Due to China’s Confucian preference to first develop collective rights over individual rights, China is innovatively trying to protect Traditional Knowledge, including Traditional Chinese Medicine, against, for example, bio-piracy. An instance of Bio-piracy was when bio-technology company Monsanto tried to patent a natural gene sequence originating from a wild Chinese species of soy. To prevent such future incidences of appropriation, China’s patent law now includes a protection clause for genetic resources and a source indication clause. In general, Traditional Knowledge, such as the often millennia old Traditional Chinese Medicine in China falls in the public domain and cannot be patented, since it lacks novelty or an inventive step. However, in 2002 China started a database for “Traditional Chinese Medicine patents”, in itself an oxymoronic term. The database for Traditional Chinese Medicines patents included formulas, bibliographic records and the holders, compiled by the State Intellectual Property Organization of China, that have been published between April 1985 and December 2002. In the WIPO forum, China advocated to create a legal presumption of ownership on the part of Traditional Knowledge of the holder with its Traditional Knowledge rights system. In the WTO forum of the TRIPS Council, China, Brazil, Colombia, Ecuador, India, Indonesia, Peru, Thailand, the African Caribbean and Pacific Countries (ACP) Group and the African Group, proposed a new provision for TRIPS, Article 29bis, which would implement the fair and equitable sharing of the benefits that arise from the utilization of genetic resources. So far, neither the WIPO forum nor the TRIPS Council forum, reached a consensus on the Traditional Knowledge-related issues.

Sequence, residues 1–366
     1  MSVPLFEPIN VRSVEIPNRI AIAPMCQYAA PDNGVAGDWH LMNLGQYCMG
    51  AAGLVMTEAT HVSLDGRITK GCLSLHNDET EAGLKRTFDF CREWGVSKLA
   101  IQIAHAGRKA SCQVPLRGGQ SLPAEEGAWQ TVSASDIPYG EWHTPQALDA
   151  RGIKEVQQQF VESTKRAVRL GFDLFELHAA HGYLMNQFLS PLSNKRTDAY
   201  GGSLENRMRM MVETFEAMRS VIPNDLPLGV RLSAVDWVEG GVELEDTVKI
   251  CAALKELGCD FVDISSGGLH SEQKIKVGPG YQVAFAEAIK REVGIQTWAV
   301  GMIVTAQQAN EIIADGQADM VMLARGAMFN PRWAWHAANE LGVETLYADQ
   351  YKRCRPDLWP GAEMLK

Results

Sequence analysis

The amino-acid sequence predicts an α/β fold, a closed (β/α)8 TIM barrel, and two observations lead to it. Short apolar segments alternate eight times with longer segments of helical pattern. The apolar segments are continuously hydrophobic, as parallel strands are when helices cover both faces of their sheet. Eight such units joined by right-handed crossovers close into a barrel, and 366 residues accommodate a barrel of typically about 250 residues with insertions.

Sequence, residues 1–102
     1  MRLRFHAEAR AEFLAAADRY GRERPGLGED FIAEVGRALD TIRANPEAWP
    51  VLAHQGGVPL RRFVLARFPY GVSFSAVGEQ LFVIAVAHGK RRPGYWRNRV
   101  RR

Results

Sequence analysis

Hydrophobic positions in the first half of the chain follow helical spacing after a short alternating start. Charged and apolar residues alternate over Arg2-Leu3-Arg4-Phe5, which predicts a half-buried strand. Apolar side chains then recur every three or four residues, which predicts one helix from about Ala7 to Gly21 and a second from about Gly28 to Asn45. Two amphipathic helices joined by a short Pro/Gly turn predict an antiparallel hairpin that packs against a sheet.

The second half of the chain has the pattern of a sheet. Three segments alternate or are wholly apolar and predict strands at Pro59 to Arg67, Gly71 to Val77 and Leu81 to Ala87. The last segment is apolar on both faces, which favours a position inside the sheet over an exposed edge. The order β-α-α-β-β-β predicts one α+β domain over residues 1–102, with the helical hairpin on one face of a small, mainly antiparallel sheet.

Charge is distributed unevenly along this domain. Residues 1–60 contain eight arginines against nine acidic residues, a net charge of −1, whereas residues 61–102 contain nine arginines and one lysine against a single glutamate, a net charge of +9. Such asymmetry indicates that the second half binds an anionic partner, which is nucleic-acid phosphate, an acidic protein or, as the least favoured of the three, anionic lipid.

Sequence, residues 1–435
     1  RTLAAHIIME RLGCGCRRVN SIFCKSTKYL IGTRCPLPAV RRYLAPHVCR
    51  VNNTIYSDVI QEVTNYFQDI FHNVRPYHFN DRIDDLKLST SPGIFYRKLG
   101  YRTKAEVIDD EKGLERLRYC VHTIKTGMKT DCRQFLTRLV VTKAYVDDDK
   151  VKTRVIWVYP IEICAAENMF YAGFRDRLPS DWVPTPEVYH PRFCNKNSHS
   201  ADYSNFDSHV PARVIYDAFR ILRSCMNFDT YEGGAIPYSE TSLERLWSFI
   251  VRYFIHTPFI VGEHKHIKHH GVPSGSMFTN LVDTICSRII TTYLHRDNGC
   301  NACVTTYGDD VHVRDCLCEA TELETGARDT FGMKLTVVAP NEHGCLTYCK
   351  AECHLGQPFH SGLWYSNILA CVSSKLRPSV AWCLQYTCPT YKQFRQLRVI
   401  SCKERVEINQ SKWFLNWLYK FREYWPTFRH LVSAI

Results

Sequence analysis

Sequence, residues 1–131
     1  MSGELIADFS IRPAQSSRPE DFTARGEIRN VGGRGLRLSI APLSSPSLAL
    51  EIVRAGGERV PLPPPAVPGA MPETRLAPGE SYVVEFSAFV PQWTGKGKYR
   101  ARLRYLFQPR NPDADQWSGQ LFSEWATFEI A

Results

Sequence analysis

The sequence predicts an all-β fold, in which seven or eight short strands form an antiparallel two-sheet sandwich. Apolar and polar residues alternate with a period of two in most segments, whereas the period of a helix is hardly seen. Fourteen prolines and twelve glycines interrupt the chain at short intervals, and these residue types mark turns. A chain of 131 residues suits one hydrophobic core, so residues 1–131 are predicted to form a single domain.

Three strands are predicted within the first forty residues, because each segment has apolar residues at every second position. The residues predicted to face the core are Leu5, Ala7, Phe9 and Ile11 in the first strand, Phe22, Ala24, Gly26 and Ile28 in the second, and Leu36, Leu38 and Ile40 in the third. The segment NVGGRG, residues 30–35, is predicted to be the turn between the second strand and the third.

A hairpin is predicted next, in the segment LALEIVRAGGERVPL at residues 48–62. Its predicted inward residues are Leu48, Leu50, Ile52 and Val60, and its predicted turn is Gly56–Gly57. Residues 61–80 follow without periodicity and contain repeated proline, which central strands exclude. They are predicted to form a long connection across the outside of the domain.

*About the author: Dr. Danny Friedmann is a researcher and lecturer of Intellectual Property Law based in Hong Kong. Danny Friedmann is the author of the intellectual property monograph 'Trademarks and Social Media, Towards Algorithmic Justice' (Edward Elgar Publishing, September 2015). His blog 'IP Dragon' (http://ipdragon.org), gathers and shares information about intellectual property law in China since 2005. Click here for a selection of published works of Dr. Danny Friedmann.